Bulunda Primary School

Uganda 738 beneficiaries

Bulunda Primary School is located in Mpigi, Uganda, along the shores of Lake Victoria. There are 721 students and 17 teachers and staff totaling 738 people in need of safe toilets and handwashing.

$4,000 needed (44%)

Fausarah Kindergarten & Primary School

Uganda 386 beneficiaries

Serving 372 students in Uganda’s Kiryagonja community as a private boarding and day school, Fausarah Kindergarten & Primary School currently relies on water from pipes on the campus but continually finds its needs unmet. 

$1,900 needed (100%)

Khuluvi Primary School

Malawi 1500 beneficiaries

Khuluvi Primary School is located in Zomba District, Malawi. It has 19 classrooms and 14 teachers for a large enrollment of 1,487 students. Students walk to school from as far as 5km distance. The school was established by the Church of Central African Presbyterian, Blantyre Synod in 1973. 

$5,800 needed (83%)

Lukala Secondary School

Kenya 386 beneficiaries

Lukala Secondary School was established in the year 2005. It began in the primary school section under the leadership of Mr Simon Wasimbi, who was then the primary school's headmaster. It started with 15 students being housed in temporary structures as classrooms. The school office was shared by both the primary and the secondary sections. The school was registered officially by the Ministry of Education in 2008 and had a new principal -  Mr. Ronald Makhanu. Contributions from the community members led to the construction of four classrooms. The Ministry of Education then came in with two more classrooms. The school received a grant that enabled them to construct a laboratory. Constituency Development Funds aided in the construction of two more classrooms.  The students perform averagely in this school.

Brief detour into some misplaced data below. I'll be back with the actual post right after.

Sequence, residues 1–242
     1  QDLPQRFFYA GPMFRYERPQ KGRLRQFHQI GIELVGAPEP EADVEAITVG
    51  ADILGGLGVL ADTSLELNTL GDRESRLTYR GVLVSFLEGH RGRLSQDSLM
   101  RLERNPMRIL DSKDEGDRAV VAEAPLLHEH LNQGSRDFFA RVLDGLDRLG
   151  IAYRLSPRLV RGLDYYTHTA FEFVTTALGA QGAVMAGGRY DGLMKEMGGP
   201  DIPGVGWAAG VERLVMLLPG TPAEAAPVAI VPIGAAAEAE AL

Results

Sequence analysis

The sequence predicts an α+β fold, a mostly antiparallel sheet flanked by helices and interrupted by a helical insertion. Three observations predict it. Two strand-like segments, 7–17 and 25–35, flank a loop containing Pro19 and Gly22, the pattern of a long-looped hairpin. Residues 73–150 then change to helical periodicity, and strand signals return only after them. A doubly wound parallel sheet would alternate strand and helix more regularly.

$6,000 needed (100%)

Madre Teresa de Calcuta

Nicaragua 103 beneficiaries

Project Proposal: Toilets and Handwashing Station.

$2,500 needed (59%)

Mlandege Primary School

Tanzania 295 beneficiaries

Mlandege Primary School is a government school found in the Mseke sub-village of Mlandege village in the Iringa Rural district. The school has a total number of 285 students from nursery to standard seven. Among them 140 students are girls, and 145 are boys. The school has a total number of 10 Teachers/staff members. As with many villages and schools in Iringa, the lack of safe water for Mlandege School is a major problem. The students currently waste a lot of time fetching water for domestic uses, including drinking, cleaning, and cooking.

$1,250 needed (48%)

Muggaga Secondary School

Uganda 450 beneficiaries

Muggaga Secondary School is located in Mpigi, Uganda, along the shores of Lake Victoria. There are 447+ teens plus teachers and staff in need of safe toilets, bathing areas and handwashing.

$3,800 needed (38%)

Navajo Nation - Water Delivery #3 (2024)

United States 400 beneficiaries